But they will object unto is, that we do injury against baptism, if we say that sin is not taken away thereby. But we cannot justly be accused of this crime: for we affirm that the guiltiness or imputation of fault is taken away by regeneration. For although these vices remain, as does the scripture declare, and experience teaches, yet their bond [of punishment] and guiltiness is discharged. Wherefore Augustine sundry times says; that Concupicience indeed remains, but the blame is taken away by Christ. Peter Martyr, The Common Places, trans., and complied by Anthonie Martin, 1583, part 2, pp., 272 and 274.

5] [Theses for Debate:]



14.N.1. The covenant of the fathers and what we have now after the
coming of Christ, are the same regarding the foundation which is Christ,
although there is some diversity in rites and ceremonies.

14.N.2. Circumcision and baptism are the same in regard to the matter
of the sacrament, despite the difference of ceremony.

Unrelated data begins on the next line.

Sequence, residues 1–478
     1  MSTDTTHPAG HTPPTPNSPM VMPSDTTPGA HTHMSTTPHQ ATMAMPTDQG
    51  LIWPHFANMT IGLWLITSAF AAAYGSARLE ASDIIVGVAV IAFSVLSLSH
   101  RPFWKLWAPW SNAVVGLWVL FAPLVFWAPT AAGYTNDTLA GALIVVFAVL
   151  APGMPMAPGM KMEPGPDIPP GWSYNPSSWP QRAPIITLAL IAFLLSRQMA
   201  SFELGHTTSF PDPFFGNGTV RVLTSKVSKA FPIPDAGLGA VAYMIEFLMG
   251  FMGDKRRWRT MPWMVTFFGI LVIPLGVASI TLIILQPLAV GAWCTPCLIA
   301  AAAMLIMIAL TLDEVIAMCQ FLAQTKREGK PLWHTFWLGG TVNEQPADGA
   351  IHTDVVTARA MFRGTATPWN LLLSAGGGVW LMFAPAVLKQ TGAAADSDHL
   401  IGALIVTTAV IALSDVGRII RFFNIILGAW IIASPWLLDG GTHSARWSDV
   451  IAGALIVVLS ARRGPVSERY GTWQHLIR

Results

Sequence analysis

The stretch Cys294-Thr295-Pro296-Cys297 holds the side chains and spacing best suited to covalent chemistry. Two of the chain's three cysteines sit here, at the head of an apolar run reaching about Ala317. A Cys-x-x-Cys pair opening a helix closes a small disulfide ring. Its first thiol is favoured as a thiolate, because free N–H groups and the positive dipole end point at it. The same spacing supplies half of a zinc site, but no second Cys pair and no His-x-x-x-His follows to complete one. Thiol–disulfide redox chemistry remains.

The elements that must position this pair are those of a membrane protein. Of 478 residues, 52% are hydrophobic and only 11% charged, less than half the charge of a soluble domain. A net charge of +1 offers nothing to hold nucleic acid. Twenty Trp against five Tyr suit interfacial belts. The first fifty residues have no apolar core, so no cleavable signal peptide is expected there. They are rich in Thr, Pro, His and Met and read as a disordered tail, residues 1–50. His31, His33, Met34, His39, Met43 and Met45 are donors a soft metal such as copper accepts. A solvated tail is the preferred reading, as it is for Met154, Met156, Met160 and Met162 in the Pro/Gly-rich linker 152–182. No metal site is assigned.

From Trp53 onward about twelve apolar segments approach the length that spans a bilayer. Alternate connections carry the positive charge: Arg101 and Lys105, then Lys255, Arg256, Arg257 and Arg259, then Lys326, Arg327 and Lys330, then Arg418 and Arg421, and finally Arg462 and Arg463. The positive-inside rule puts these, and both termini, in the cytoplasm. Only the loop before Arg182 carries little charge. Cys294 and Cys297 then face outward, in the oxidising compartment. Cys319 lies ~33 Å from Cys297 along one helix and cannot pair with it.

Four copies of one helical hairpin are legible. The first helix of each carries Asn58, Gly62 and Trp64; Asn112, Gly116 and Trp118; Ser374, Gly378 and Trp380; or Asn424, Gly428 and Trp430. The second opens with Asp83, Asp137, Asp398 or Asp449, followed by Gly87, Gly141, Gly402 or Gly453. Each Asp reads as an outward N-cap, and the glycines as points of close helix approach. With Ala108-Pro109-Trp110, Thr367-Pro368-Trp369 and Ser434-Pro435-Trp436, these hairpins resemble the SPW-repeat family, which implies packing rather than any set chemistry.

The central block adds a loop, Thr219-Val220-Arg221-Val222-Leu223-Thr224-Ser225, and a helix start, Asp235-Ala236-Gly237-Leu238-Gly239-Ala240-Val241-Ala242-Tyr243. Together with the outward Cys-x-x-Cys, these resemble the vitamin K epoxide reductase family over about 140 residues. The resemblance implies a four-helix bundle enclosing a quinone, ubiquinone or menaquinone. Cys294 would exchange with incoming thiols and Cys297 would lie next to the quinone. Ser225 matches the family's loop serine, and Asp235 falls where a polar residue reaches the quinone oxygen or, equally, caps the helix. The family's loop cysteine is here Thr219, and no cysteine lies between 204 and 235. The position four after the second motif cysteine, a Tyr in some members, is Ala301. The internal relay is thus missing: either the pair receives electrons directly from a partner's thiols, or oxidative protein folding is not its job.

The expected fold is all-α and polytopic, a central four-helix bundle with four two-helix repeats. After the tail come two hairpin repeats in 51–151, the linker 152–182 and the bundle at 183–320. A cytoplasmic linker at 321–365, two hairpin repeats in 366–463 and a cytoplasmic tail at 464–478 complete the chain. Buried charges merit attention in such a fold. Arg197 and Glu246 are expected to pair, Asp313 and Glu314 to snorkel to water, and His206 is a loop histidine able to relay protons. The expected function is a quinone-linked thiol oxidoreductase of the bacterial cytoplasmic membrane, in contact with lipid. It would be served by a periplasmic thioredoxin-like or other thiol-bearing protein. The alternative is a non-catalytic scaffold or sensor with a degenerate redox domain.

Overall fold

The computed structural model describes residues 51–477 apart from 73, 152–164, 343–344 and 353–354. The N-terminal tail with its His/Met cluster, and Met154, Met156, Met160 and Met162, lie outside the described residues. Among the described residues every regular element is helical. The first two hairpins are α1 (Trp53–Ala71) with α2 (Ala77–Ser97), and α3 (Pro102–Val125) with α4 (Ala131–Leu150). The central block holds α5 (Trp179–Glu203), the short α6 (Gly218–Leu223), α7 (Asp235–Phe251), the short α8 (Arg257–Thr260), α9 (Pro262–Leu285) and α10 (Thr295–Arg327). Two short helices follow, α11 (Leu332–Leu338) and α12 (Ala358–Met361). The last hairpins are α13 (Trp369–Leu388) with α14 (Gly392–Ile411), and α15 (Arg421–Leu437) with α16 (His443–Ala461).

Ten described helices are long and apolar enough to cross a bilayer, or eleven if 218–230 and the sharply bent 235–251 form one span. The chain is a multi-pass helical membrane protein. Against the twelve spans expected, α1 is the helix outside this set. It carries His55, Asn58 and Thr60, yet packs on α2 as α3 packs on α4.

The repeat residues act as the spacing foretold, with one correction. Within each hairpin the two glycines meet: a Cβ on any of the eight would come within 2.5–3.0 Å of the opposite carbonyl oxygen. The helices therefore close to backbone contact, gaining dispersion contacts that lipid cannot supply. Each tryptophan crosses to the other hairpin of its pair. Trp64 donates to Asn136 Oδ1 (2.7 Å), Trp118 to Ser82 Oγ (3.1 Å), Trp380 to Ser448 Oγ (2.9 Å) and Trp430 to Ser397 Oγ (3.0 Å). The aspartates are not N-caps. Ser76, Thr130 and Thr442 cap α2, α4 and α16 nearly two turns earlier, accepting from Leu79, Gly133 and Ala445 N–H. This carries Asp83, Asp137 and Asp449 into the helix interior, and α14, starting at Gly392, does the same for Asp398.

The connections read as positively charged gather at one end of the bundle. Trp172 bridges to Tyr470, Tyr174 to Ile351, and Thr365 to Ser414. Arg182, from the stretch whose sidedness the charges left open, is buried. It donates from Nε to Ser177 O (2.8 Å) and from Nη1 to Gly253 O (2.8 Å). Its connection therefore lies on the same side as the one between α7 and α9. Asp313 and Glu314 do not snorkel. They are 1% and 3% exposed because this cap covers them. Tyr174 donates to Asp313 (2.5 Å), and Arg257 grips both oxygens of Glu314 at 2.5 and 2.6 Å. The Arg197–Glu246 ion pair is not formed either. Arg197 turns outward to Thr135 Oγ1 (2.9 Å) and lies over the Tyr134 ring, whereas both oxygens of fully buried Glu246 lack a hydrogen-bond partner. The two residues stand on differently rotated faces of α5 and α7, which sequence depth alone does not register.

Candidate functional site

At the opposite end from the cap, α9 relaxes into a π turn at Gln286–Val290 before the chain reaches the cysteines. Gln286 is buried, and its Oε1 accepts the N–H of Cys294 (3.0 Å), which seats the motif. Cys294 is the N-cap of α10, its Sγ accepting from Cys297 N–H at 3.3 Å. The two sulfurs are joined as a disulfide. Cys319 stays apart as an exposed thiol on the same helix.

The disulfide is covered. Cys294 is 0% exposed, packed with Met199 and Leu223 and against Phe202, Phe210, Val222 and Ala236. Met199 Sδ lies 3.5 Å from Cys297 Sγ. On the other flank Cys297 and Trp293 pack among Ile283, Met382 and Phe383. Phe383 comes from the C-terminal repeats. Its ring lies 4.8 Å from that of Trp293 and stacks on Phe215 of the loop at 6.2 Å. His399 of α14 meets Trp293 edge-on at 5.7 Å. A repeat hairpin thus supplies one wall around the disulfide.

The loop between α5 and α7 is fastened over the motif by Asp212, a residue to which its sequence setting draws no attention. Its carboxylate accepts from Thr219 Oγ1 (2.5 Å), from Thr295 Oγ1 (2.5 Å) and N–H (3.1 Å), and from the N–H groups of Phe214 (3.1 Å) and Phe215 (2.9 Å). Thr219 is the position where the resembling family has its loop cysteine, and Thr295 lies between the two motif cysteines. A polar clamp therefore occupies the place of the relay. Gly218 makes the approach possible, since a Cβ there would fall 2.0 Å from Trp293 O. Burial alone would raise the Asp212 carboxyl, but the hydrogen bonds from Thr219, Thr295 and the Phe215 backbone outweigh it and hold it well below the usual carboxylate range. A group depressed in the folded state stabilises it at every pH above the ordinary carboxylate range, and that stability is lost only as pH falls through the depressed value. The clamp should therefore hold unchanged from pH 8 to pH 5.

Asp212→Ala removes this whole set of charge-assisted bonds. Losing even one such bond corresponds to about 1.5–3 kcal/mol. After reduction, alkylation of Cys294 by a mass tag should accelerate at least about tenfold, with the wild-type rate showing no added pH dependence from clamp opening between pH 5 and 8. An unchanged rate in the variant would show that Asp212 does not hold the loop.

14.N.3. The infants of Christians belong to God at birth no less than did
the children of the Jews in antiquity; therefore, in the same way they should be baptized with water as those were circumcised.

14.N.4. A sacrament is an outward sign instituted by God to signify and
exhibit grace to those who rightly receive it.

14.N.5. Sacraments in the Old Testament not only signified but also
exhibited the grace of God

14.N.6. Sacraments are not the cause of grace, but means which God
uses while he sanctifies his own through them

14.N.7. Sacraments are not such necessary means that God has tied his power to them completely as though he could not give salvation without them.

14.N.8, Just as sacraments cannot be neglected without the severest
fault, even so are they received with the greatest benefit.

Peter Martyr Vermigli,”Theses for Debate: Propositions from Genesis,” in Early Writings: Creed, Scripture, Church, trans., by Mariano Di Gangi and Joseph C. McLelland, (Kirksville, Missouri: Sixteenth Century Essays and Studies, 1994), 1:107.

6) 38.N. 11. Baptisms were before the Law, within the Law, and under the Gospel; in regard to their substance all have the same efficacy.

38.N. 12. It is not true that the ceremonies of the old fathers were only outward exercises in which there was no remission of sins.

Peter Martyr Vermigli,”Theses for Debate: Propositions from Genesis,” in Early Writings: Creed, Scripture, Church, trans., by Mariano Di Gangi and Joseph C. McLelland, (Kirksville, Missouri: Sixteenth Century Essays and Studies, 1994), 1:139.

[Vermigli to Bullinger, an extract from a letter:]